How To Fix The Top 10 Cover Letter Mistakes You're Making
Whether you’re looking to enter the job market as a full-time employee or applying to an internship, a cover letter is an absolute must-have when you are sending in your resume for consideration (unless a company explicitly stated otherwise).
However, there are mistakes that often occur when people are writing their cover letters; here is a list of the most common cover letter mistakes and how to fix or avoid them.
1. No Cover Letter. This is one of the most common cover letter mistakes people make. Unless the company you are applying to specifically requests applicants not send a cover letter in with their resume, a cover letter is needed. This problem has an easy solution: write a cover letter.
2. Using a Generic Cover Letter. Using one general cover letter to send to each potential employer is lazy and shows you probably didn’t follow the directions, as many companies ask you to answer specific questions in your cover letter.
Also, by using a generic cover letter, you don’t personalize your skills or mention the specific company. Having a rough cover letter template to use and personalize for each job is a much better way of ensuring your resume is taken seriously and is a great way of avoiding this cover letter mistake.
3. Failing to Personalize. Whenever and wherever possible, personalize your cover letter. Refer to the specific company you are applying to by name and don’t just address your cover letter “To Whom It May Concern” or “Dear Sir or Madam.” By personalizing your letter, you show you have done your research into the company and know who will be considering your application, which is a subtle and good way of coming across as competent and detail-oriented.
4. Having Grammatical or Spelling Errors. These common cover letter mistakes can be avoided by proofreading, which is one of the most important things you can do before sending a professional letter in for consideration. Rereading your own work can help you catch mistakes you missed the first time around and spot places to tighten your writing.
Also, writing in Microsoft Word or another writing application that has a spellcheck function is crucial as it will highlight for you where your spelling has gone awry. Lastly, check your grammar or ask a knowledgeable friend or family member to read it over for grammatical errors.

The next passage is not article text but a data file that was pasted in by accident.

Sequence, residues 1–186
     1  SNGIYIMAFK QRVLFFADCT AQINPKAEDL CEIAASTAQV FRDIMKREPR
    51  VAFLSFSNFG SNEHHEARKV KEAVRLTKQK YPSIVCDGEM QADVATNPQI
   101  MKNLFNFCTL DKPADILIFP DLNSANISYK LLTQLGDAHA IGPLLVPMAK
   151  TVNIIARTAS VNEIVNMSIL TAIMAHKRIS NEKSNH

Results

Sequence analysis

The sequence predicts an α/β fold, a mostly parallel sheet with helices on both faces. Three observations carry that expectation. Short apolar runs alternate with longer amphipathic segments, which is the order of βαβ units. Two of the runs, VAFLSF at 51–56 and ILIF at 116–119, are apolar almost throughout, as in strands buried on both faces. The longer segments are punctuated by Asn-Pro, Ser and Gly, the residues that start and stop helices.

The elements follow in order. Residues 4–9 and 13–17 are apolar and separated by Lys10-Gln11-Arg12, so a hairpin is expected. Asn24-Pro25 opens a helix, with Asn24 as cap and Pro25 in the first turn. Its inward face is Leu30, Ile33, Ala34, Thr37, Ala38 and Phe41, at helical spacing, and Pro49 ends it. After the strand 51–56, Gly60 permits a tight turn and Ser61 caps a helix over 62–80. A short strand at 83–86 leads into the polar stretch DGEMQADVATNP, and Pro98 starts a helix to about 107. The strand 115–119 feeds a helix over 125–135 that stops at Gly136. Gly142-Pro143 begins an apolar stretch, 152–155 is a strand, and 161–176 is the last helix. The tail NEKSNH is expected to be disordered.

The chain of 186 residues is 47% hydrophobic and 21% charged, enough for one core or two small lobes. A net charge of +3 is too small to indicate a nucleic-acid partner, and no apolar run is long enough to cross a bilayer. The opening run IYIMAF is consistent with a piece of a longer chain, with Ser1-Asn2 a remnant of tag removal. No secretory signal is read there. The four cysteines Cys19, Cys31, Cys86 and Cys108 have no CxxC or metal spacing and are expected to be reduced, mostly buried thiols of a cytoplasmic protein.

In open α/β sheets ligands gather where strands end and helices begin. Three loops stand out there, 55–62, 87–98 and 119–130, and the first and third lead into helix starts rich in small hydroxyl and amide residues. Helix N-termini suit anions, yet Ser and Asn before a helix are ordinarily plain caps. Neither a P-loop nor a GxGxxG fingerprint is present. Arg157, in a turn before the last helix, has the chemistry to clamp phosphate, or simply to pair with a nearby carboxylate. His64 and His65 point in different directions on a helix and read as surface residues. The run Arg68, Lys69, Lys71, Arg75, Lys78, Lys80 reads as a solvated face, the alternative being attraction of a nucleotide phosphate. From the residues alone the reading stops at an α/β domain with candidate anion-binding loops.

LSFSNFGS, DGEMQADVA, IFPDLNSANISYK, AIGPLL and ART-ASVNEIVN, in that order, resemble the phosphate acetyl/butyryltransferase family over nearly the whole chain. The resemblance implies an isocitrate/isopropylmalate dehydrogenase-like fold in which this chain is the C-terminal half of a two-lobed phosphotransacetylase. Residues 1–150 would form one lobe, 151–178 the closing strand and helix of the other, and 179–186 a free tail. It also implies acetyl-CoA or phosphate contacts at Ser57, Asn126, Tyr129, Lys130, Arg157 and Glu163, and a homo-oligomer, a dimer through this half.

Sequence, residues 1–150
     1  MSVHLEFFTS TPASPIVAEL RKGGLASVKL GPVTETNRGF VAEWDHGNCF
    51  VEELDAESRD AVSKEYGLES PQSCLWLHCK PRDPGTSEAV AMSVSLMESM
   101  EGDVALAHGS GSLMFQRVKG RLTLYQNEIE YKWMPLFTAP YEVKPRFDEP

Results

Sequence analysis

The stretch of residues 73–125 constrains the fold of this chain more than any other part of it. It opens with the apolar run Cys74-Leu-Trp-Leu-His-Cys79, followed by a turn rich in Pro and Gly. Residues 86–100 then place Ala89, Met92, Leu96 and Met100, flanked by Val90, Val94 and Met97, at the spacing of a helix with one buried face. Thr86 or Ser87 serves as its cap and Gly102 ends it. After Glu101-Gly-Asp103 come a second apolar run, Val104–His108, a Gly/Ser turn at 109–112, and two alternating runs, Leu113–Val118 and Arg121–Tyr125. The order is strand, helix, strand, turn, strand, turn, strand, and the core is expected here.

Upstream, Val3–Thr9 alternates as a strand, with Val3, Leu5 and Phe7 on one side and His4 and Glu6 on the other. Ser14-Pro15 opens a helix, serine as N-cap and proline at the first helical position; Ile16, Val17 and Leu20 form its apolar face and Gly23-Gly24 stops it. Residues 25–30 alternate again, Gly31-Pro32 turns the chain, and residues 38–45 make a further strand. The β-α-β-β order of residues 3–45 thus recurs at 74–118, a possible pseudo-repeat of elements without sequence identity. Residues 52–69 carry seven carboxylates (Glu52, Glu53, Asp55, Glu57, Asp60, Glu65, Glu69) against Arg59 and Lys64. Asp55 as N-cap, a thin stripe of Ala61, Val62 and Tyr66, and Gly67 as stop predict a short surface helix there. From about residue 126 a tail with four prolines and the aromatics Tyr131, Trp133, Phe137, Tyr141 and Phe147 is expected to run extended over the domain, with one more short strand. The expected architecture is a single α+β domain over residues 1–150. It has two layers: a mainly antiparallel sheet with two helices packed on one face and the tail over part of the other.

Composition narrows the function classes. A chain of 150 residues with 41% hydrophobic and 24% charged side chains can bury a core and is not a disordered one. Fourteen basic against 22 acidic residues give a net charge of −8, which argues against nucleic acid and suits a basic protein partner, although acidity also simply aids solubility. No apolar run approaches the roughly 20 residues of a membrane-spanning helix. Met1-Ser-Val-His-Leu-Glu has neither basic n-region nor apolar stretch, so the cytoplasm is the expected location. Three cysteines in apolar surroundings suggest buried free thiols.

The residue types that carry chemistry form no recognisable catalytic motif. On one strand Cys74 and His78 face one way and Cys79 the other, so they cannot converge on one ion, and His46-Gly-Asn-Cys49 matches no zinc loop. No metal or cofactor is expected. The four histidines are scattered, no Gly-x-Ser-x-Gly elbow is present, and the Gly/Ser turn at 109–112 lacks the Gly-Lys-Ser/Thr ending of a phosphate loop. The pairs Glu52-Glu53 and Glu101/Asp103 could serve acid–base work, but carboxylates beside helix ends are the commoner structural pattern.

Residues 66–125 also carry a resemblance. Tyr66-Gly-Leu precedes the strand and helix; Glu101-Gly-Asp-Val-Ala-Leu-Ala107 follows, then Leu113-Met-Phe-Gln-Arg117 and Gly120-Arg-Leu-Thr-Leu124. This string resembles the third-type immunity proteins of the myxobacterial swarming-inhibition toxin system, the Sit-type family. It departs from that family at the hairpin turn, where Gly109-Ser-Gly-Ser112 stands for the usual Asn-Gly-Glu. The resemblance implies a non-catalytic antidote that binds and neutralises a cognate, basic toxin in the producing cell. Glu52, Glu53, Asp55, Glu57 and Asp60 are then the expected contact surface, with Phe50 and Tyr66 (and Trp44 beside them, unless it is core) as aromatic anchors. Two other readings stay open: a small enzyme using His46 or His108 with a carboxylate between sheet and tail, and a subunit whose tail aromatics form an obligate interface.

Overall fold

5. Hogging the Spotlight. Don’t use your cover letter to just talk all about you; while this may seem counter-intuitive, potential employers want to read about what you will bring to their company. So talk about your skills and accomplishments by writing how they would act as an advantage for you and be a benefit to the business if you’re hired by their company.
6. Summarizing Your Resume. Contrary to popular belief, a cover letter does not just consist of restating the contents of your resume. The cover letter should provide a more in-depth look into who the company may be hiring if they employed you and you do that by talking about how your past employment experiences and skills would make you a good fit for the job (refer to #3).
7. Handwriting a Half-Assed Cover Letter. Writing a cover letter does not mean just scribbling a quick note or sticky to include before your resume in your application. A cover letter has specific formatting and expectations that come with it and should never be handwritten–only typed.
8. Formatting Incorrectly. Your cover letter is a document being used to further your professional aspirations and should look like such. Your margins, font, font size, spacing, etc. should reflect that and relay to your potential employer that you take your job search seriously. Find a cover letter template structure you want to use and follow its layout when writing your own cover letter.
9. Sounding Desperate. While of course you want to be hired, you don’t want to come across as desperate for employment to companies. Do this by coming across as confident in both your abilities and their fit for the job you are applying for. Be concise and clear in your writing and while you don’t want to hog the spotlight too much, you do want to make it clear in your cover letter that reading your resume wouldn’t be a waste of time and considering you for the position would be worthwhile as well.
10. Missing Information. Some of the most common cover letter mistakes are actually information left off of the cover letter. Failing to include your contact information or your signature could make the difference between getting a job offer or having your application end up in the “rejected” pile. Your cover letter and resume could get separated so it’s imperative you include contact information, like your email address and phone number, on your cover letter.
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